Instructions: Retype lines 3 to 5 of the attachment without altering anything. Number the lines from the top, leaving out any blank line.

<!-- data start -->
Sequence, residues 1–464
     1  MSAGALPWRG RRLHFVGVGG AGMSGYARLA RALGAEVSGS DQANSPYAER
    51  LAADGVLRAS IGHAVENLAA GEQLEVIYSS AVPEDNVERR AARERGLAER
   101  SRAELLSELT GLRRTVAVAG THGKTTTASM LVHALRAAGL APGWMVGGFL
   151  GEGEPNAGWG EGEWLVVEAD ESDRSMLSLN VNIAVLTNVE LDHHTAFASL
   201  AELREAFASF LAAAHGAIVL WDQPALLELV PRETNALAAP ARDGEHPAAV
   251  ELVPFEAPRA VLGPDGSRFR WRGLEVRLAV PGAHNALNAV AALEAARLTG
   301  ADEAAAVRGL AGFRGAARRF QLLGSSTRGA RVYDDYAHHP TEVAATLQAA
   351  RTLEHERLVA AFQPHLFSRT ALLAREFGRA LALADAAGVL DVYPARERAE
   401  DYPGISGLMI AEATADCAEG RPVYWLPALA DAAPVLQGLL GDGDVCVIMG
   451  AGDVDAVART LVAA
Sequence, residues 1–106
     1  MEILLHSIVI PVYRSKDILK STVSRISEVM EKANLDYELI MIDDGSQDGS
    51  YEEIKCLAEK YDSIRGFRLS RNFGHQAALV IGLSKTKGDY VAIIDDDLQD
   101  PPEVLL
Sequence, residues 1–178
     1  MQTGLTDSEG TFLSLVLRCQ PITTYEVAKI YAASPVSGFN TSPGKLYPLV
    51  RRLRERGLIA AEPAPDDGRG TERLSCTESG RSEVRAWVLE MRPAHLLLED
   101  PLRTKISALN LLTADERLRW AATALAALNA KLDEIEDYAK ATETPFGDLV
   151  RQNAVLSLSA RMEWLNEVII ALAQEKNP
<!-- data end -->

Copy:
    51  LAADGVLRAS IGHAVENLAA GEQLEVIYSS AVPEDNVERR AARERGLAER
   101  SRAELLSELT GLRRTVAVAG THGKTTTASM LVHALRAAGL APGWMVGGFL
   151  GEGEPNAGWG EGEWLVVEAD ESDRSMLSLN VNIAVLTNVE LDHHTAFASL